Limiting specific subdomains to internal IP ranges

1. The problem I’m having:

I’m using Caddy as a proxy for several subdomains via a wild card domain cert. I’m having trouble configuring my Caddyfile to achieve the following:

  • Specific subdomains should be limited to just internal IP addresses/ranges
  • All subdomains should be limited to Cloudflare IP addresses using the Cloudflare IP module (GitHub - WeidiDeng/caddy-cloudflare-ip)

In the example below, I’d like to limit the ‘books’ subdomain to internal IP ranges, while allowing anyone with either a Cloudflare-forwarded IP or internal IP to access the ‘nextcloud’ subdomain.

I’ve found several examples online, but none of them also incorporate the syntax for wild card entries, which is why I’m struggling to implement it from scratch myself. I’m also trying to figure out to implement the whitelisting globally so I don’t have to manually specify the networks for each subdomain’s entry (for example, this suggestion requires specifying the allowed IP addresses for every subdomain: linux - Caddy V2 IP whitelist - Stack Overflow).

2. Error messages and/or full log output:

N/A

3. Caddy version:

Caddy Docker v2.7.6

4. How I installed and ran Caddy:

a. System environment:

Debian 10, Docker (caddy:2)

b. Command:

N/A

c. Service/unit/compose file:

  caddy:
    build: /mnt/user/appdata/caddy/.
    container_name: caddy
    restart: unless-stopped
    environment:
      CF_API_TOKEN: ${CF_API_TOKEN}
    volumes:
      - ${APPDATA}/caddy/Caddyfile:/etc/caddy/Caddyfile
      - ${APPDATA}/caddy/site:/srv
      - ${APPDATA}/caddy/data:/data
      - ${APPDATA}/caddy/config:/config
    networks:
      - caddy

d. My complete Caddy config:

{
	email <my e-mail>
	
	servers {
	
	  trusted_proxies cloudflare {
        interval 12h
        timeout 15s
      }
	  
	}
}

*.domain.xyz, domain.xyz {

	tls {
		dns cloudflare {env.CF_API_TOKEN}
	}
	
	@books host books.domain.xyz
	handle @books {
	  reverse_proxy calibre-web:8083
	}

	@nextcloud host nextcloud.domain.xyz
	handle @nextcloud {
	  reverse_proxy nextcloud:443
	}
	
}

5. Links to relevant resources:

You can probably do it like this:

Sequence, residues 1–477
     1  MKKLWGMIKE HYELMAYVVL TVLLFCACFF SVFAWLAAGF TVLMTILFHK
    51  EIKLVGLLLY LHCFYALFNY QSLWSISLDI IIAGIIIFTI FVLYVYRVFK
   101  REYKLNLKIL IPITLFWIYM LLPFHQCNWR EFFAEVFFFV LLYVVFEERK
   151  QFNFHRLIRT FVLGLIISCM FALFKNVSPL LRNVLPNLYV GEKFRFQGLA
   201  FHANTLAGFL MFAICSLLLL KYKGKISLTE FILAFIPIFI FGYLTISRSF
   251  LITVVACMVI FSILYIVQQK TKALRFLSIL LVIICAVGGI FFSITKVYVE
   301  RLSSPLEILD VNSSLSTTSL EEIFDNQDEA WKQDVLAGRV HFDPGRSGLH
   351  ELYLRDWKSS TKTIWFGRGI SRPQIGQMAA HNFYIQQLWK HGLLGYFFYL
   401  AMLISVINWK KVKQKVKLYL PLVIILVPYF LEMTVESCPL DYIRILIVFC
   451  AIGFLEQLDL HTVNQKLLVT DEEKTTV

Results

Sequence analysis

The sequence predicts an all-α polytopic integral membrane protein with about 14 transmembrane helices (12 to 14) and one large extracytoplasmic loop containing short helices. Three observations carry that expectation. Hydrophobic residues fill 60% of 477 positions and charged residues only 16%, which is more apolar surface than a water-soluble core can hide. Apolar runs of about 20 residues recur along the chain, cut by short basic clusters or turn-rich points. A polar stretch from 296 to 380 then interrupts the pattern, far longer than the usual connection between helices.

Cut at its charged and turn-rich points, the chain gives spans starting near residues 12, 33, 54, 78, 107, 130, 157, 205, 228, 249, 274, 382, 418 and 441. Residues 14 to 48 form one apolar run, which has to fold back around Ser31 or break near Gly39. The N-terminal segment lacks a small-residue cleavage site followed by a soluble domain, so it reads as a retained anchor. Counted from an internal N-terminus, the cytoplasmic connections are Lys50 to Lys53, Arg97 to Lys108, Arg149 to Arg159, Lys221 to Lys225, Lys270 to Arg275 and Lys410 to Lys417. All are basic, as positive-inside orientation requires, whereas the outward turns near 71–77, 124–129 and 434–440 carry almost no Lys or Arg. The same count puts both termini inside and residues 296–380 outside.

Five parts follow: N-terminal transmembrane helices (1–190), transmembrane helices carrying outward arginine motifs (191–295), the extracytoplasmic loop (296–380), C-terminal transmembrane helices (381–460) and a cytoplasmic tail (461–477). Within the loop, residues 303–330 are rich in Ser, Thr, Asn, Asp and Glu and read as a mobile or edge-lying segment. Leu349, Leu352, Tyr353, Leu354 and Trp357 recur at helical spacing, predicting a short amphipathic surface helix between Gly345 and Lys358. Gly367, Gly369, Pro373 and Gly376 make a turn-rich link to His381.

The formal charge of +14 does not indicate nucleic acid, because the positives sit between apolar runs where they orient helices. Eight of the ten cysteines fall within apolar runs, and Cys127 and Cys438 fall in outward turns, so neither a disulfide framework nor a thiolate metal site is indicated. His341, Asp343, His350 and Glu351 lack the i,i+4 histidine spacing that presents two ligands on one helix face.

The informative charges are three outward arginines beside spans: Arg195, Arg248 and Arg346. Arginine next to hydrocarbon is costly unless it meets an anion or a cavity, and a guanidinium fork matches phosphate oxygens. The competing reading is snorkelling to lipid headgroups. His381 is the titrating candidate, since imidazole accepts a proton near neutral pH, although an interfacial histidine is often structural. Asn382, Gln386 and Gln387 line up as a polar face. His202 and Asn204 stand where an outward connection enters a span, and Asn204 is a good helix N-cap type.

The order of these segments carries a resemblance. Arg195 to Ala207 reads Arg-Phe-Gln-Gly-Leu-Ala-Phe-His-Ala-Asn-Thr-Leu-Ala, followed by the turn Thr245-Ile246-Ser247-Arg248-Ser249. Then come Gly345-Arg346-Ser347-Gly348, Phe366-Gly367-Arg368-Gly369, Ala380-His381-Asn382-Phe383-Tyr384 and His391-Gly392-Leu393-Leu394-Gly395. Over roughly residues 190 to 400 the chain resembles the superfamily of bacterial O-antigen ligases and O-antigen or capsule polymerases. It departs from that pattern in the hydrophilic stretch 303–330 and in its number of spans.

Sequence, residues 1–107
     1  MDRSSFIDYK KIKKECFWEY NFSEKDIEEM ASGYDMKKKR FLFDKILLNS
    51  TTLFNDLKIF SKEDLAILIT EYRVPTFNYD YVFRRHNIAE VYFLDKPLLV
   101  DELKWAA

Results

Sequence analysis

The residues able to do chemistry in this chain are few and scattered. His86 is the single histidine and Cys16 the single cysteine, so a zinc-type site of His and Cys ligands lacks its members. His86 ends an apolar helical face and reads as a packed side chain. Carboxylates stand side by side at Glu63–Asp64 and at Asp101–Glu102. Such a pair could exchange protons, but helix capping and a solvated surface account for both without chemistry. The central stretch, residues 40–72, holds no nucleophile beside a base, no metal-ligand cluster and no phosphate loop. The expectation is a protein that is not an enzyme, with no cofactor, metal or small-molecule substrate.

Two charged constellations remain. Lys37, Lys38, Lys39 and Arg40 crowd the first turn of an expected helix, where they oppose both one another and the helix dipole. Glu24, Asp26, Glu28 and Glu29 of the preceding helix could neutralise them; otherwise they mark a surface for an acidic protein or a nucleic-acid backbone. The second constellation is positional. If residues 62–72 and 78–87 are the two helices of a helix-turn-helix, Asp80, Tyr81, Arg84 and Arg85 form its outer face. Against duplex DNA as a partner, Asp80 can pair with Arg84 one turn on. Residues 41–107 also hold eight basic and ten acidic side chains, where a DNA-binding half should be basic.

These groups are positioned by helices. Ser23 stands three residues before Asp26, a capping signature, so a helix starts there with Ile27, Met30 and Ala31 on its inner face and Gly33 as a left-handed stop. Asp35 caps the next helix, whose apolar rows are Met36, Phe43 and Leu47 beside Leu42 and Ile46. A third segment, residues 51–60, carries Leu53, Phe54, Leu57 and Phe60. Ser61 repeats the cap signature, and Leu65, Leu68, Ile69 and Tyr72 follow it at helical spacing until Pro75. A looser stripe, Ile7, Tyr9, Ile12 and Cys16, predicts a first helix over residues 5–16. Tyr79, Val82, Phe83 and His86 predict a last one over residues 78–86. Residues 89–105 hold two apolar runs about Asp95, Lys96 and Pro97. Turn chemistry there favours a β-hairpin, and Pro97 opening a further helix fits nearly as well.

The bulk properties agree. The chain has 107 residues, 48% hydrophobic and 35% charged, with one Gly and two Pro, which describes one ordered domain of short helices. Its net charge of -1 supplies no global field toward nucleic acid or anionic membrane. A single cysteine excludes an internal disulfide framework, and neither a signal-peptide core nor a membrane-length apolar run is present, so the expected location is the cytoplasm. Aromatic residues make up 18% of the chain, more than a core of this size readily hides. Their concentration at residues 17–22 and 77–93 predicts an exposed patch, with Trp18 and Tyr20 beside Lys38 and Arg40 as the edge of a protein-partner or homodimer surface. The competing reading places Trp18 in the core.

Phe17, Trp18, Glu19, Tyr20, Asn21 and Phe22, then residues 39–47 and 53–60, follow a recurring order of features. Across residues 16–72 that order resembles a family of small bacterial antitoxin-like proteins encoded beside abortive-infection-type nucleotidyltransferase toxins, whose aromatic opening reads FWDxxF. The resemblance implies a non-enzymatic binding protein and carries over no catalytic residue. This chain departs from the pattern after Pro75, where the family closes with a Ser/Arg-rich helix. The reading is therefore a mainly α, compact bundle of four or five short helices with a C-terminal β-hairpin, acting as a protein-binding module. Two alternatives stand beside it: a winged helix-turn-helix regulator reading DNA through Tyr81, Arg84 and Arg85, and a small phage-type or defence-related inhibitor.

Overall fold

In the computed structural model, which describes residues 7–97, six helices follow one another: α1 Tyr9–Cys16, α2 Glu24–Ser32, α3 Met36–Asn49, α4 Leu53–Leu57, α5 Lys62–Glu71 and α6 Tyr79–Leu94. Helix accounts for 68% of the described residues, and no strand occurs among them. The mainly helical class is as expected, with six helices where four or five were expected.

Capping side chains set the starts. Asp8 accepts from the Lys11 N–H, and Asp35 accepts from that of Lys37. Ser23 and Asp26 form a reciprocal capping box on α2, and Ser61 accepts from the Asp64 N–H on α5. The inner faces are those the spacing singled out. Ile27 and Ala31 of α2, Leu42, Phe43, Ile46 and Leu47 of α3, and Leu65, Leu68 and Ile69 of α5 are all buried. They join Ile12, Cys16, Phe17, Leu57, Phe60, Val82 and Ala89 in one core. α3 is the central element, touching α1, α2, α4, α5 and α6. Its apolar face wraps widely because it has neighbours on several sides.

A named matcher in the wildcard domain itself, and then referencing it with an abort in each subdomain when needed. The abort statement will close all connections from IPs that are not the specified client_ips.

*.domain.xyz, domain.xyz {
        @domain-xyz-client-ip {
                not client_ip 192.168.0.0/16 10.1.1.1/32
        }

        tls {
                dns cloudflare {env.CF_API_TOKEN}
        }

        @books host books.domain.xyz
        abort @domain-xyz-client-ip
        handle @books {
                reverse_proxy calibre-web:8083
        }

        @nextcloud host nextcloud.domain.xyz
        abort @domain-xyz-client-ip
        handle @nextcloud {
                reverse_proxy nextcloud:443
        }
}

There’s also the GitHub - tuzzmaniandevil/caddy-dynamic-clientip: http.matchers.dynamic_client_ip matches requests by the client IP address, the ip addresses to match against is provided my a module that implements IPRangeSource plugin which provides a matcher that can take IP source modules (e.g. Weidi’s Cloudflare plugin).

@Monviech that’s not quite right, because you used the same abort @domain-xyz-client-ip line multiple times in the same context (duplicate config, ineffectual).

But yes, you may use the abort directive to close the connection immediately, or the error directive if you want to trigger an error that you can handle with handle_errors and serve a custom/friendly error page.

@francislavoie

Hmm yeah you are right, it should probably be inside each subdomain handle, right?

E.g.

        @books host books.domain.xyz
        handle @books {
                abort @domain-xyz-client-ip
                reverse_proxy calibre-web:8083
        }

@Monviech @francislavoie

Can I declare multiple lines in an IP range name? For instance, if I want to block anything that’s not an internal IP range OR Cloudflare, could I use something like this?

        @blocked-ranges {
                not client_ip 192.168.0.0/16 10.1.1.1/32
                not client_ip <cloudflare ip ranges>
        }

And then abort @blocked-ranges in the appropriate subdomain routes?

Essentially, yeah.

I suggest using the dynamic_client_ip plugin for that, but yeah.

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